bed and qualities including size, angular particles, high specific gravity, high shear strength, high toughness and hardness ensured the embankment structure is maintained. It was also noted that the inconsistency between the actual particle sizes in the field and the greatly reduced particle sizes contributed to deformation behaviour on tracks. Since the main functions of ballast are to distribute the load from the sleepers, to damp dynamic loads, and to provide lateral resistance and rapid drainage. Permeability is regarded as an important factor because when it decreases, compaction and cementation increases with higher voids. Specific gravity and bulk density of the ballast are properties that play pivotal roles in rail track safety. In conclusion the article stated that ballast settlement was not regarded as a big problem as long as it is uniform along the length of the track and the main problem was the differential track settlement.
Causes of embankment failures
After finding relavant information regarding the embankment structure. Several literatures outlined causes as:
- Increase in rail traffic
- Animals burrowing (rabbits and badgers)
Proceedings of the Institution of Civil Engineers Engineering Sustainability 162 June 2000 a journal was published called Climate-change impacts on long-term performance of slopes
summarised some of the evidence that suggests climate change will have an effect on the behaviour of infrastructure slopes and their management, and provides an overview of future climate scenarios for the UK. It is suggested that increased rainfall has an influence on slope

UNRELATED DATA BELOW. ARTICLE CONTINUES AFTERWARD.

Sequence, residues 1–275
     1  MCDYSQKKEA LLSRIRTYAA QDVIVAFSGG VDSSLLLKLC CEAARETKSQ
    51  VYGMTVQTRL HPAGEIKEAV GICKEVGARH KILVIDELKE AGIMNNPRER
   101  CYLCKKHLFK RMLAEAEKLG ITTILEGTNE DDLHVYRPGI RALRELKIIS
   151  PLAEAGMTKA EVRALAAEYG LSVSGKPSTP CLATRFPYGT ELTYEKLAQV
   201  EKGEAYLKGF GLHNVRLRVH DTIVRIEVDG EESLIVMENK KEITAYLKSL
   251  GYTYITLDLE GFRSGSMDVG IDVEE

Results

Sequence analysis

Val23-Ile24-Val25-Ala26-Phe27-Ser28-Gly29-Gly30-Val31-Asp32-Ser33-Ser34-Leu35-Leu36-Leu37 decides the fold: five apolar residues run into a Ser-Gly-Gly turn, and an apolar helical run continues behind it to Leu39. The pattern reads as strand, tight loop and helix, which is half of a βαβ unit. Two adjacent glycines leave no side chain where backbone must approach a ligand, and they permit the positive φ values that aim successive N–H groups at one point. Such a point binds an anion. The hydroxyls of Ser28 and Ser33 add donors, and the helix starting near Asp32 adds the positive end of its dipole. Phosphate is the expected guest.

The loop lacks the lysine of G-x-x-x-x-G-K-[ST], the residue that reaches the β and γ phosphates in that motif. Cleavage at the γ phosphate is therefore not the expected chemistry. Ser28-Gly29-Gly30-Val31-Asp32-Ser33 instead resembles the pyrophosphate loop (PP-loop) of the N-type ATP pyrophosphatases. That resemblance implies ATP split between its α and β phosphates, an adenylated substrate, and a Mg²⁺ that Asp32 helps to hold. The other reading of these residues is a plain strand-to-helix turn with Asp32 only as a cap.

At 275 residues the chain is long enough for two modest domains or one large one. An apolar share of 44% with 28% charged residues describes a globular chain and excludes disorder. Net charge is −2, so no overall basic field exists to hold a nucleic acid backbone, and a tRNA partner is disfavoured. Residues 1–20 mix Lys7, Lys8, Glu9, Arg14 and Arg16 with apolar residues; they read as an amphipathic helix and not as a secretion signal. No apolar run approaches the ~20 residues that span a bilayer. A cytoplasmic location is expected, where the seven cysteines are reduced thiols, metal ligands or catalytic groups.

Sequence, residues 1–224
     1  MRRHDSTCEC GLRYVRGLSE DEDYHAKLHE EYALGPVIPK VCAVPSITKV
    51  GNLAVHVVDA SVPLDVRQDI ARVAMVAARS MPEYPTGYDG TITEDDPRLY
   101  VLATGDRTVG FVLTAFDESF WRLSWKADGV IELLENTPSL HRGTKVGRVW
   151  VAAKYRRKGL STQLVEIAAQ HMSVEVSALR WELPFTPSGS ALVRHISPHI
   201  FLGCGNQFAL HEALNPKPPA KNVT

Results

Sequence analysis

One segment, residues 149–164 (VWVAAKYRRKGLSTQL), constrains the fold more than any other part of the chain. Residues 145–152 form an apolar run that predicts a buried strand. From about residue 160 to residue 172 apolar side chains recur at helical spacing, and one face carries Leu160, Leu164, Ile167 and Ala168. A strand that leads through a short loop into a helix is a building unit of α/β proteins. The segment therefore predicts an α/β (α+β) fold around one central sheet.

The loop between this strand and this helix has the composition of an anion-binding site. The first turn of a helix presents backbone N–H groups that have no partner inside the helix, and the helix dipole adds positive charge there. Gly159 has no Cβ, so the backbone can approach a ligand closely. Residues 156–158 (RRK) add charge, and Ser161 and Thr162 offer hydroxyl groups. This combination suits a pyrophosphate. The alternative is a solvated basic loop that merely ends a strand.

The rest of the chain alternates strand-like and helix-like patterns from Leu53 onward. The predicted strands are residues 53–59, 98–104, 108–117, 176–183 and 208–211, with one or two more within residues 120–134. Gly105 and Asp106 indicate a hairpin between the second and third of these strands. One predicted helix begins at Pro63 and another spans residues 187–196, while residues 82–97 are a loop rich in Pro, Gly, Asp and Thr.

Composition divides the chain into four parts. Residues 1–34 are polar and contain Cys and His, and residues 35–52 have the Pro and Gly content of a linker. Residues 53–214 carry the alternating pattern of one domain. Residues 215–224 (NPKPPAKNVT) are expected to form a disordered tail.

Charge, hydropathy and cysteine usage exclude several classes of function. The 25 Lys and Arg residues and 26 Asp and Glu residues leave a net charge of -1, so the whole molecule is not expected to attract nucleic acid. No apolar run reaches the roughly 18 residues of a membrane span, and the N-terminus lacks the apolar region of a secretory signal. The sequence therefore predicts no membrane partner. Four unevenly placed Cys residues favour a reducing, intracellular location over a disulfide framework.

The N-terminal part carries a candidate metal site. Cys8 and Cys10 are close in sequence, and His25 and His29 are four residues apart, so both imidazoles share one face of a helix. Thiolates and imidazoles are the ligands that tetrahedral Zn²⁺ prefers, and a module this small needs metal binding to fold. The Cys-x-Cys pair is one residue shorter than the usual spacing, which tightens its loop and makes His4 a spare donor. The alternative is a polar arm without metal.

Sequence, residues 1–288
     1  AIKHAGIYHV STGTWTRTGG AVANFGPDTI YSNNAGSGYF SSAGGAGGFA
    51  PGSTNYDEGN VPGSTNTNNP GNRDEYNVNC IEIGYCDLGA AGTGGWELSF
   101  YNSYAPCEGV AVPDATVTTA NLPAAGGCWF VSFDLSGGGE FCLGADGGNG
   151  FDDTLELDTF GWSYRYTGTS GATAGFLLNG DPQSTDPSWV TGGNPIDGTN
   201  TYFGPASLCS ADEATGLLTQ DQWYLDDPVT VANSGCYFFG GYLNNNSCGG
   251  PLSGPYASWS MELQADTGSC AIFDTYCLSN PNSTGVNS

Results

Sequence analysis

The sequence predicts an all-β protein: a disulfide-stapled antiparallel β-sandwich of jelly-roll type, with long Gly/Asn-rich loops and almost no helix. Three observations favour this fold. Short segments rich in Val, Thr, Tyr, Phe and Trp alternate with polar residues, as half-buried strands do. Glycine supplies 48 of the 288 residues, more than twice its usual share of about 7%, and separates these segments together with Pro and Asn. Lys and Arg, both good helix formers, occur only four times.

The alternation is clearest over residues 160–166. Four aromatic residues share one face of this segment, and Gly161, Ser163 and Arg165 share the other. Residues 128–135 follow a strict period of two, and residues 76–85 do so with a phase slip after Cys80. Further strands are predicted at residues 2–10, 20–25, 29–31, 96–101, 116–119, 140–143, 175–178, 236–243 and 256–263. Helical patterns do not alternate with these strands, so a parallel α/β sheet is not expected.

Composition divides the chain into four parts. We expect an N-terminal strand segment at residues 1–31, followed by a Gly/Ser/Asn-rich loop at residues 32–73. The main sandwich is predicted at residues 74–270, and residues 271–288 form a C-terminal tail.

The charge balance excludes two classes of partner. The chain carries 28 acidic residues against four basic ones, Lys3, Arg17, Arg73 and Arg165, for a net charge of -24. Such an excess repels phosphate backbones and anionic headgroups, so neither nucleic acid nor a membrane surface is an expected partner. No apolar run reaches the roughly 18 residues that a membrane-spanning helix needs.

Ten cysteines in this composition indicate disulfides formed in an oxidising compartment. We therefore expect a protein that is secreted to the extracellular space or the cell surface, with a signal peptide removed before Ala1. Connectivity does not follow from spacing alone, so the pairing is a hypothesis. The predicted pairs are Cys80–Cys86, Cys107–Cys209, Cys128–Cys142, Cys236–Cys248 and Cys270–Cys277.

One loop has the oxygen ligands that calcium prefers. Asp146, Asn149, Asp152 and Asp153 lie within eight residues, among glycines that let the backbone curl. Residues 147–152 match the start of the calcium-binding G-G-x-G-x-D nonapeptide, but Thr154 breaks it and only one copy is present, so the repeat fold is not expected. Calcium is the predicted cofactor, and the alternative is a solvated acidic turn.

stability. This was supported by the events involving intense rainfall in UK causing major floods in 2000/01 and over 100 slope failures occurred. 2007 was one of the wettest summers as well and there was similar effects. Drier summers were caused the same effect to high plasticity clay. Soft rock embankments are particularly vulnerable to climate change and changing rainfall patterns as they take up water, become heavy and fall, causing landslides. The study found that one of the most ‘at risk' areas was the South East due to its largely clay-based geology, which is prone to landslides.
A United Nationsclimate science panel called Intergovernmental Panel onClimate Change(IPCC) reported that the frequency of extreme weather events - wetter winters and drier summers - is set to increase with climate change over the next 50 years. This would be a global temperature increase of 1-2 degrees Celsius. This means that the storms of 2000-2001 could become normal in England and more embankment will be affected BBC reported
However, it is not just wet weather events that cause delays. The 2003 heat wave caused the shrinking and swelling of railway embankments, which caused many landslides and further disruption to travel.